Robert De Grasse


Director Of Photography

Biography

Filmography

 

Cinematography (Feature Film)

Marry Me Again (1953)
Director of Photography
Chicago Calling (1952)
Director of Photography
The Blue Veil (1951)
2nd Unit Photography
Double Dynamite (1951)
Director of Photography
The First Legion (1951)
Director of Photography
The Men (1950)
Photography
The Window (1949)
Photography
Follow Me Quietly (1949)
Director of Photography
Adventure in Baltimore (1949)
Director of Photography
The Clay Pigeon (1949)
Director of Photography
The Judge Steps Out (1949)
Director of Photography
Make Mine Laughs (1949)
Director of Photographer ["Beware of Redheads"]
A Dangerous Profession (1949)
Director of Photography
A Kiss for Corliss (1949)
Director of Photography
Home of the Brave (1949)
Photography
Variety Time (1948)
Director of Photographer on Jack Paar seq
The Miracle of the Bells (1948)
Director of Photography
Bodyguard (1948)
Director of Photography
Out of the Past (1947)
Fill-in Photographer
Born to Kill (1947)
Director of Photography
The Bachelor and the Bobby Soxer (1947)
Director of Photography
Riverboat Rhythm (1946)
Director of Photography
Genius at Work (1946)
Director of Photography
Badman's Territory (1946)
Director of Photography
Crack-Up (1946)
Director of Photography
The Body Snatcher (1945)
Director of Photography
George White's Scandals (1945)
Director of Photography
Step Lively (1944)
Photography
Tall in the Saddle (1944)
Director of Photography
Show Business (1944)
Director of Photography
Seven Miles from Alcatraz (1943)
Director of Photography
The Iron Major (1943)
Director of Photography
Lady of Burlesque (1943)
The Photographer
The Leopard Man (1943)
Director of Photography
Higher and Higher (1943)
Director of Photography
Forever and a Day (1943)
Director of Photography
A Date with the Falcon (1942)
Director of Photography
My Favorite Spy (1942)
Director of Photography
Seven Days' Leave (1942)
Director of Photography
Highways by Night (1942)
Director of Photography
The Mayor of 44th Street (1942)
Director of Photography
Pittsburgh (1942)
Director of Photography
Father Takes a Wife (1941)
Director of Photography
Unexpected Uncle (1941)
Director of Photography
Footlight Fever (1941)
Director of Photography
Kitty Foyle (1940)
Director of Photography
Lucky Partners (1940)
Director of Photography
Vigil in the Night (1940)
Director of Photography
Lucky Partners (1940)
Photography
Bachelor Mother (1939)
Photography
The Story of Vernon and Irene Castle (1939)
Photography
Fifth Avenue Girl (1939)
Director of Photography
Career (1939)
Photography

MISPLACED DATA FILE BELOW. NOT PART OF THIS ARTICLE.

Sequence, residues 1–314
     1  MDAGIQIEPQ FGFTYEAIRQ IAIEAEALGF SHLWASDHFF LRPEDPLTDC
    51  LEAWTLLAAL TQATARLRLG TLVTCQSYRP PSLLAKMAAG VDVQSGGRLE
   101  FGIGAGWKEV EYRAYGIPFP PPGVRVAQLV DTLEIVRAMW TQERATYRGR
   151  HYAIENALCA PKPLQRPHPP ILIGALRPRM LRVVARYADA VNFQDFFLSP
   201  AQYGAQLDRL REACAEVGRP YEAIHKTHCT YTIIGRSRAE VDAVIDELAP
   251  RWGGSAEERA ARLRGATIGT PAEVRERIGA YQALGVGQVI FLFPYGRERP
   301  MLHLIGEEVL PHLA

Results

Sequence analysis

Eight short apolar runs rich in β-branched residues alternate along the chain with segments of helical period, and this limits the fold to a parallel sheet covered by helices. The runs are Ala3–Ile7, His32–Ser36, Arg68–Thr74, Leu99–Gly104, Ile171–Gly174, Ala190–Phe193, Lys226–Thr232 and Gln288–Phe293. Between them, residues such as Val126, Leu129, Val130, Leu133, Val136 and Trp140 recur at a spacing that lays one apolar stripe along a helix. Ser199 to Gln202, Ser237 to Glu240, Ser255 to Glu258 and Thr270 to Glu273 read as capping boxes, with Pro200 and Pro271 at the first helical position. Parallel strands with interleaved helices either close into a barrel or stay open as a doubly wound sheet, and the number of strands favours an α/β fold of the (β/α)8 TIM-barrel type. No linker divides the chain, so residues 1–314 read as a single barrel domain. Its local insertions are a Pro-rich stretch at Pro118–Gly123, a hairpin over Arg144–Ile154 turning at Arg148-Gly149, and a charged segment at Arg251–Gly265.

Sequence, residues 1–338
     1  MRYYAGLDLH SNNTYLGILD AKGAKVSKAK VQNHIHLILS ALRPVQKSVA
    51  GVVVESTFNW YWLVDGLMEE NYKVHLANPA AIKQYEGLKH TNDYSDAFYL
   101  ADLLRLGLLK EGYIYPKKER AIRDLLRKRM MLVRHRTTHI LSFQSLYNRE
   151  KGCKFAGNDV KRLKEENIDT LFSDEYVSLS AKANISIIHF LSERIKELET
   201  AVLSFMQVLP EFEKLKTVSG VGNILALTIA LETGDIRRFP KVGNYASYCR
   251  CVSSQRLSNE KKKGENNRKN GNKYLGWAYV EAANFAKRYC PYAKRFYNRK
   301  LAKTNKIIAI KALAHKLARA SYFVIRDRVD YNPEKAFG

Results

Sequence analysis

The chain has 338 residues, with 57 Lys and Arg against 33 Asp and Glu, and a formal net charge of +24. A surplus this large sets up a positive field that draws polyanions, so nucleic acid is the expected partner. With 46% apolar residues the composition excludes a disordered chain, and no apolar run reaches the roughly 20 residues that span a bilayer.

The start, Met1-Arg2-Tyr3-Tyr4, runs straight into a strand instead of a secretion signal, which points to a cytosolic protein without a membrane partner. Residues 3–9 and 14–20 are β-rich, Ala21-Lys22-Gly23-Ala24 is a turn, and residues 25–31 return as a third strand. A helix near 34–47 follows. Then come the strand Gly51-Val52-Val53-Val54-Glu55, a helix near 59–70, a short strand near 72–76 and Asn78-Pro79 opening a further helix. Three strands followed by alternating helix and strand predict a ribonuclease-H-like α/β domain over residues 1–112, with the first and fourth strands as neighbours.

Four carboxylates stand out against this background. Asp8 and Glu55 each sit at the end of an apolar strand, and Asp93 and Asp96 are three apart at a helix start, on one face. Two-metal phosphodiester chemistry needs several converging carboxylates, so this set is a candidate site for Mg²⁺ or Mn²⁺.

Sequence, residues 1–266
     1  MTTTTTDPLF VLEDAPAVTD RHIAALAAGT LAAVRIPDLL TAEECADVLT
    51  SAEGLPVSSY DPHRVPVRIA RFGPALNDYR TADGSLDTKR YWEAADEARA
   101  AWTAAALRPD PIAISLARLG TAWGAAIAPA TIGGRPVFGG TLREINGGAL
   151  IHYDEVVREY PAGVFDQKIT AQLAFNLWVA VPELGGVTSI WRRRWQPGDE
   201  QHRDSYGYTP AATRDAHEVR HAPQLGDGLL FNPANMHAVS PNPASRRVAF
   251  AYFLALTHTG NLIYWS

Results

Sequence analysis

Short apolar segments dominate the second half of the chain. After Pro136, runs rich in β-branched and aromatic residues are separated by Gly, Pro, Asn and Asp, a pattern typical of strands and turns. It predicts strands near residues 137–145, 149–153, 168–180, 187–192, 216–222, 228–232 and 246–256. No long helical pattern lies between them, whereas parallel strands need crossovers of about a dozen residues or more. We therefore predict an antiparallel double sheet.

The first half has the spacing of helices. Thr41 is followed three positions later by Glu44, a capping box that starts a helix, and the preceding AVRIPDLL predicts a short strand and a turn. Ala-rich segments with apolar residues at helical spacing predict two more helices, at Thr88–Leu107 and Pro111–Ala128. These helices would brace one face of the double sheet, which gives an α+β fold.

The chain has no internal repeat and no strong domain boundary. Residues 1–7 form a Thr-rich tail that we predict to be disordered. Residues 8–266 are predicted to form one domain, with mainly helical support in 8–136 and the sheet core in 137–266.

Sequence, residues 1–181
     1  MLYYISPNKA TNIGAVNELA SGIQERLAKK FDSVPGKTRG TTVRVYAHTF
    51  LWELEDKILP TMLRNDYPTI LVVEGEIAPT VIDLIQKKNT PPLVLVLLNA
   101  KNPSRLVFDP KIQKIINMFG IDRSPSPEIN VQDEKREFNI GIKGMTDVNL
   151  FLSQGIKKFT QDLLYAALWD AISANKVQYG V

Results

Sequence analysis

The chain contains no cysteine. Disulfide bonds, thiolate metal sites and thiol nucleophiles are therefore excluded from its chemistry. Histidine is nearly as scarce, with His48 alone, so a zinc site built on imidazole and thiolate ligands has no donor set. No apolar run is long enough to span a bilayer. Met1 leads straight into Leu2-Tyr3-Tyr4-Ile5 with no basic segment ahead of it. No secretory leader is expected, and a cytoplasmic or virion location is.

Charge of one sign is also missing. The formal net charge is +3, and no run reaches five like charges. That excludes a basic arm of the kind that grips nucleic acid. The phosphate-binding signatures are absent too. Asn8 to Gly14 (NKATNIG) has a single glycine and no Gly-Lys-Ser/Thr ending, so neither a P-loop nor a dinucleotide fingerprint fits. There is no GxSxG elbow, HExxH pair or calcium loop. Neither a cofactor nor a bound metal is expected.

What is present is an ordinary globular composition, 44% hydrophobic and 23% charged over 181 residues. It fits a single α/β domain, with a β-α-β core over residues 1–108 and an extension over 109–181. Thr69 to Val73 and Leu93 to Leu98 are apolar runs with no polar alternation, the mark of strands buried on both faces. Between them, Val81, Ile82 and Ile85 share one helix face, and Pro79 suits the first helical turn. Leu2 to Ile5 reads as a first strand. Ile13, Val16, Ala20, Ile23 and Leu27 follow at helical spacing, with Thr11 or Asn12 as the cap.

Carefree (1938)
Photography
Having Wonderful Time (1938)
Photography
Vivacious Lady (1938)
Photography
The Outcasts of Poker Flat (1937)
Photography
Stage Door (1937)
Photography
Quality Street (1937)
Photography
The Witness Chair (1936)
Photography
A Woman Rebels (1936)
Photography
M'liss (1936)
Photography
Love on a Bet (1936)
Photography
Chatterbox (1936)
Photography
Wanted! Jane Turner (1936)
Photography
Roberta (1935)
Camera
Freckles (1935)
Photography
Seven Keys to Baldpate (1935)
Photography
Break of Hearts (1935)
Photography
Alice Adams (1935)
Photography
The Little Minister (1934)
2nd Camera
The Fountain (1934)
Camera Operator
Little Women (1933)
2nd Camera
Diplomaniacs (1933)
2nd Camera
Blind Adventure (1933)
Camera Operator
Professional Sweetheart (1933)
Camera Operator
The Sign of Four (1932)
Camera
The Conquerors (1932)
Camera Operator
Fanny Foley Herself (1931)
2nd Camera
Fury of the Wild (1929)
Director of Photography
The One Man Dog (1929)
Director of Photography
Fangs of the Wild (1928)
Director of Photography
Law of Fear (1928)
Director of Photography
Breed of the Sunsets (1928)
Director of Photography
Tracked (1928)
Director of Photography
Beyond London Lights (1928)
Director of Photography
Lightning Speed (1928)
Director of Photography
The Swift Shadow (1927)
Director of Photography
Three Pals (1926)
Director of Photography
Canyon of the Fools (1923)
Director of Photography
Desert Driven (1923)
Director of Photography
Thundergate (1923)
Director of Photography
Crashin' Thru (1923)
Director of Photography
The Kick Back (1922)
Director of Photography
Good Men and True (1922)
Director of Photography
Desperate Trails (1921)
Director of Photography

Cinematography (Short)

The House I Live In (1945)